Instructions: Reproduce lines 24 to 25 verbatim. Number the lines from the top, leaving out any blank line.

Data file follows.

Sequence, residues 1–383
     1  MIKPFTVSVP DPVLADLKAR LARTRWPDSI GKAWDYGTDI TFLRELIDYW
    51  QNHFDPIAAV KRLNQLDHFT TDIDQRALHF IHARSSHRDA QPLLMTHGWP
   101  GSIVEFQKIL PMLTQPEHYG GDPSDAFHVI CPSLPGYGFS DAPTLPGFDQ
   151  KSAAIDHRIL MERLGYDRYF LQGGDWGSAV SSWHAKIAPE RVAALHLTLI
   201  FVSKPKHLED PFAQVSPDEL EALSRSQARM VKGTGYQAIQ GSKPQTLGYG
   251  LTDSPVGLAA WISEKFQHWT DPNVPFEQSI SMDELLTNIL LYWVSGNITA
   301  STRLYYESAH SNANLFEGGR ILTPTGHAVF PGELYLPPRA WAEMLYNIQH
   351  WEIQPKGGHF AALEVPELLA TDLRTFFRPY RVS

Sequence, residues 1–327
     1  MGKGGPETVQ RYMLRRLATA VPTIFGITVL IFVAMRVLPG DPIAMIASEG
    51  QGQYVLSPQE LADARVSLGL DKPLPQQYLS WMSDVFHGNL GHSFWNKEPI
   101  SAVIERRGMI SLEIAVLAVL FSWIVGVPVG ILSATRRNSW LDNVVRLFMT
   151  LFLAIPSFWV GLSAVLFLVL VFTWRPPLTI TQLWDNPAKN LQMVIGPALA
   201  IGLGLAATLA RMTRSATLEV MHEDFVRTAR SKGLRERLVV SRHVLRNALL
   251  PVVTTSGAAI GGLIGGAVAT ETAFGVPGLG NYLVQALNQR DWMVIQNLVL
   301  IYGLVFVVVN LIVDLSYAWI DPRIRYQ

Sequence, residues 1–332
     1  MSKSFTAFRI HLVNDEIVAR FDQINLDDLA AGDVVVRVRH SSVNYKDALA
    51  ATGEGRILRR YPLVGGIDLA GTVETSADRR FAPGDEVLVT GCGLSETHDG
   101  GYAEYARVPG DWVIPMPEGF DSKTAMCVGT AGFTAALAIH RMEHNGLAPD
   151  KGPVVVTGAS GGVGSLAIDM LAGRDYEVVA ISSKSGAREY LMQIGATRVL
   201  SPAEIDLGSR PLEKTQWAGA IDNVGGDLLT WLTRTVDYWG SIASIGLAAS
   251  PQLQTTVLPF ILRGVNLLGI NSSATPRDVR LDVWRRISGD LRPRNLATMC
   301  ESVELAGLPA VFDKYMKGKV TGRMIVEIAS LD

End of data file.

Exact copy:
   251  PQLQTTVLPF ILRGVNLLGI NSSATPRDVR LDVWRRISGD LRPRNLATMC
   301  ESVELAGLPA VFDKYMKGKV TGRMIVEIAS LD